“I don’t believe that anybody should tell me what the hell I have to do,” Joe Miller told the CBC in 1987.
The fine for not wearing a seatbelt was to be $25 when Alberta made them mandatory on July 1 of that year, and as is clearly tradition in this proud province, we were pretty late to the party.
More than a decade after Ontario, Quebec, B.C. and Saskatchewan made the move, and long after the life-saving statistics were readily available to elected officials the world over, Alberta finally decided to drop the civil liberties debate and simply introduce a policy that prevents death.
The only province to hold out as long as Alberta did was Prince Edward Island – the one place in Canada that ends before most vehicles reach top speed.
Of course, 33 years later, humans above five years old universally understand that seatbelts save lives, and if we’re truly honest with ourselves, being the last province to reluctantly agree to enforce a law assuredly, and unnecessarily, cost lives.
But since the anti-mask crowd already assumes they know where we’re going with this and have formulated rage-filled retorts about how masks in a pandemic are nothing like seatbelts in a vehicle, let me clarify that we are not talking to them. Just like Joe Miller in 1987, every situation has a group who thinks they know something everyone else doesn’t – including the overwhelming majority of experts.
These people are simply an historical statistic and, just as it did with seatbelts, time will prove their opinions wrong. In the meantime, we want to talk about leadership.
COVID-19 might be the crisis at the forefront but it is far from the only crisis we face, and our choices in leadership are going to impact where we end up. Unfortunately, our current choices tend to think that “doing nothing” is being a leader, and in Medicine Hat we get that mindset from both Edmonton and city hall.
The simplest of perceived inconveniences will always set someone off. Our problem isn’t the Joe Millers, nor is it the folks who attended the city hall mask protest this week to say eerily similar things like, “I don’t want to be told what I can and can’t do … I’m here for my freedom … this is about control.”
Our problem is the leaders tasked with calling the proper shots in the face of the Joe Millers, and in spite of the misguided people who follow in his footsteps.
Hindsight might be 20/20, but we no longer dispute that seatbelts work. And had our leaders at the time cared more about doing right by their people than they did about pleasing a perceived percentage of them, we wouldn’t have been the slow cousin who stumbles over the finish line after everyone else goes home.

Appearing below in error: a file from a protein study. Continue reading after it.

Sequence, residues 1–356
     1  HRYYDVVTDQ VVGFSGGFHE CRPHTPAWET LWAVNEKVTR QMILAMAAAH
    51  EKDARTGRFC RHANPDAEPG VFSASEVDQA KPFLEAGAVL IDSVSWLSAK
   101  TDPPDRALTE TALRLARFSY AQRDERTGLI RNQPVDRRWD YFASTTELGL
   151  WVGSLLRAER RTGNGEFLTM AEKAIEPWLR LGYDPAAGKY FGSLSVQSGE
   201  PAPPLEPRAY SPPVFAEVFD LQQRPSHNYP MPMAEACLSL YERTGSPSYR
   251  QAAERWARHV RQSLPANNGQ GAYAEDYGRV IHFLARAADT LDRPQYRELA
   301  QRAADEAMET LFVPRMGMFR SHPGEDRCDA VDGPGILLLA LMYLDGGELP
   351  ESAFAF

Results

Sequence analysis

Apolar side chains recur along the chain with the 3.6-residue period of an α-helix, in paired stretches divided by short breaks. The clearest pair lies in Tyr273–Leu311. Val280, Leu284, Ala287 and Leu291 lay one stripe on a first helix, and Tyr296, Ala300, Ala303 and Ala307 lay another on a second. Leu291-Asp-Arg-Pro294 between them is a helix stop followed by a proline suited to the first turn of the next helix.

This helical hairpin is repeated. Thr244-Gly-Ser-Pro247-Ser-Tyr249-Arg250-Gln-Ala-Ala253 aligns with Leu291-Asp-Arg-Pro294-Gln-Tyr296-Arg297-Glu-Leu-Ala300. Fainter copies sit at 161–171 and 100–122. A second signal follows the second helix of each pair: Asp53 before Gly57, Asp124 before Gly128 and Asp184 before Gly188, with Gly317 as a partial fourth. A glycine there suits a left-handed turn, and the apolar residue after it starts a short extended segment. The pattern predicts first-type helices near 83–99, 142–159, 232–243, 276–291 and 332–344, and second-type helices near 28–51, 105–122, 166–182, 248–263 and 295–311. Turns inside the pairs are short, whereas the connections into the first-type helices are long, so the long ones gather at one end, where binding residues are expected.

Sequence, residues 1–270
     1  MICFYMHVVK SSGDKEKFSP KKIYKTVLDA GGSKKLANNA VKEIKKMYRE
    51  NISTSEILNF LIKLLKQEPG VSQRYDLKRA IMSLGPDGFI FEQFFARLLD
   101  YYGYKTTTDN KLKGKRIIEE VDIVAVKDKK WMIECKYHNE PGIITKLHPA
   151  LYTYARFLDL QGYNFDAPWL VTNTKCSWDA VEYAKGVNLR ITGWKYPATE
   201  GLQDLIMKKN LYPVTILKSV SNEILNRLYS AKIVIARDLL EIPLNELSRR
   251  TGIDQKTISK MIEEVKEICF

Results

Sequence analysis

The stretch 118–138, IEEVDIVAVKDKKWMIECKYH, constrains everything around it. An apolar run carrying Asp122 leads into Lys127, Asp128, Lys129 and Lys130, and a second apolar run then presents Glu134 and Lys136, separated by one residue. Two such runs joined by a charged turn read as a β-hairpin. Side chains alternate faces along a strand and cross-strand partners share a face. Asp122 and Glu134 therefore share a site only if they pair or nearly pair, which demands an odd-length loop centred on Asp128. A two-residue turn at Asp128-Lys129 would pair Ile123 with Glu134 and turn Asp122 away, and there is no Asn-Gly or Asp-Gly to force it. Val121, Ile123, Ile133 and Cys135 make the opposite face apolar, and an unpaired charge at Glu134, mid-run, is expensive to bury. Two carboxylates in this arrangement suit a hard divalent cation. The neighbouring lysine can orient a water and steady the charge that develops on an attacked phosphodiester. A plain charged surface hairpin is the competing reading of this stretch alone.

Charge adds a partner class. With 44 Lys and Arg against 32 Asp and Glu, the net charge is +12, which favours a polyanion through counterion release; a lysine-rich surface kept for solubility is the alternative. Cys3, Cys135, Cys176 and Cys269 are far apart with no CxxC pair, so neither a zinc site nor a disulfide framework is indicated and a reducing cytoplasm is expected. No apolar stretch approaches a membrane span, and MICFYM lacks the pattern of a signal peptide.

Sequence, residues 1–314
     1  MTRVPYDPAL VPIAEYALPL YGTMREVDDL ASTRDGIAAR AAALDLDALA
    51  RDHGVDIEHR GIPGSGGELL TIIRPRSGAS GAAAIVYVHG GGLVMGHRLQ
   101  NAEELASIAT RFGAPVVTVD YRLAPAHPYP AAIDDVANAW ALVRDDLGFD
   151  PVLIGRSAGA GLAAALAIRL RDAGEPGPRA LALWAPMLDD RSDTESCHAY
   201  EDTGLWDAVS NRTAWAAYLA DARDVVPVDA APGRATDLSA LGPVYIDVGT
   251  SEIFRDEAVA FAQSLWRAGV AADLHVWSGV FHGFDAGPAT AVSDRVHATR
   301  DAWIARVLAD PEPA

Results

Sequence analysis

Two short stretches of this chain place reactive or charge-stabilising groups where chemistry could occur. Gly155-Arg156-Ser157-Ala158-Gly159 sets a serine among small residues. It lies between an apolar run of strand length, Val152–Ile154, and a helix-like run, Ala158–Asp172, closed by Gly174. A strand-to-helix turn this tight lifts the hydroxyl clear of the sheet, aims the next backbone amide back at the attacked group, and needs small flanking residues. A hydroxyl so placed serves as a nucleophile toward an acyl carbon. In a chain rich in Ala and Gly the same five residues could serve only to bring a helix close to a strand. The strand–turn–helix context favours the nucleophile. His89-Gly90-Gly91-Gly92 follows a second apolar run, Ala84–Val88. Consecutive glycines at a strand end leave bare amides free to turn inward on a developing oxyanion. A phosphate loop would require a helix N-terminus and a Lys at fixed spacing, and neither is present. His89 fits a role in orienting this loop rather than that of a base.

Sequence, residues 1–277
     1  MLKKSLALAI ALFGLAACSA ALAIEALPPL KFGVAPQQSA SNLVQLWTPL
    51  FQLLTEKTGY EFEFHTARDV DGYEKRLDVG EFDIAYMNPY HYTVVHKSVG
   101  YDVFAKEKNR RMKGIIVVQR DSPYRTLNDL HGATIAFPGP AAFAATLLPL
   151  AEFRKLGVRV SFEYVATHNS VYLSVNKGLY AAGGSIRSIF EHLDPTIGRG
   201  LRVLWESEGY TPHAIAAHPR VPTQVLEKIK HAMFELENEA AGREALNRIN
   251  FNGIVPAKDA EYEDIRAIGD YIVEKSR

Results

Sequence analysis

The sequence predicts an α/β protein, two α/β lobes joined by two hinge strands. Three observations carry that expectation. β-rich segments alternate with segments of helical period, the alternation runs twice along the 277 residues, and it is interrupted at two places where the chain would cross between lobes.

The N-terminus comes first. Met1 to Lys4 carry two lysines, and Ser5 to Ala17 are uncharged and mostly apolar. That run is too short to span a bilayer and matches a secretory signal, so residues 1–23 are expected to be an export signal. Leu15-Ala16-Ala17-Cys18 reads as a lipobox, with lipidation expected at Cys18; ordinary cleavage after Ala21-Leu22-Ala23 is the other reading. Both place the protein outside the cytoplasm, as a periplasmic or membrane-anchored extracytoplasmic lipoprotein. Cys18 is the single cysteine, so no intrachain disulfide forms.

But, as if “history repeats itself ” is simply a set-in-stone guarantee, here we are once again with a chance to let experts be experts, and we have leaders who cater to fringe groups with bad science.
Medicine Hat Mayor Ted Clugston, Coun. Jim Turner and Coun. Kris Samraj – the three elected municipal officials who voted against a mask bylaw despite the overwhelming majority of health-care experts telling them one was necessary – are the kind of “leaders” who cater to the fringe.
They claim to be “listening to all sides” when in fact they’re either seeking confirmation to their own personal misinformed biases (Clugston, Turner) or attempting to pander to every single voter in a ridiculous contortionist act that can’t be pulled off (Samraj).
But regardless of their selfish motives or complete lack of ability to read the room, the rest of us no longer have the time to wait for the slowpokes to catch up.
By definition, a leader can’t be the last to figure something out, and when this crisis passes and the next one arrives, we better ask ourselves what kind of leaders we want.
This is a global pandemic that is currently killing 10-15 Albertans every day, and the health experts say the rest of December is likely to be worse. With all due respect, maybe a former librarian, a former grocery store
owner and a mayor who used to sell insurance are lacking official medical expertise and should take a few cues from others instead of being the only three to vote against a safety bylaw in the last major city to adopt it.
Even some that did vote for it made apologetic mention of encroaching on people’s liberties. We’ve got good news for those councillors… You didn’t. You made a necessary decision in an emergency that increases the odds of community safety, and that’s what a leader does. (Unfortunately the mayor and police force have already given dissenters permission to disobey it, so it’s not going to work, but, hey, you tried.)
Leaders don’t sit on the fence and talk about needing to compromise for everyone’s wishes. Leaders make the call that experts tell them to make and they don’t apologize to the people who can’t comprehend the logic.
Of course, our municipal leaders have Premier Jason Kenney and Health Minister Tyler Shandro setting the shining example of being grossly under qualified to be overruling experts, so maybe we shouldn’t be surprised when a few local officials act in the same manner.
And, maybe, if we keep electing the kinds of governments that dislike the very concept of government, we shouldn’t be surprised when we have leaders that can’t grasp the very concept of leadership.
This editorial originated in the Medicine Hat News
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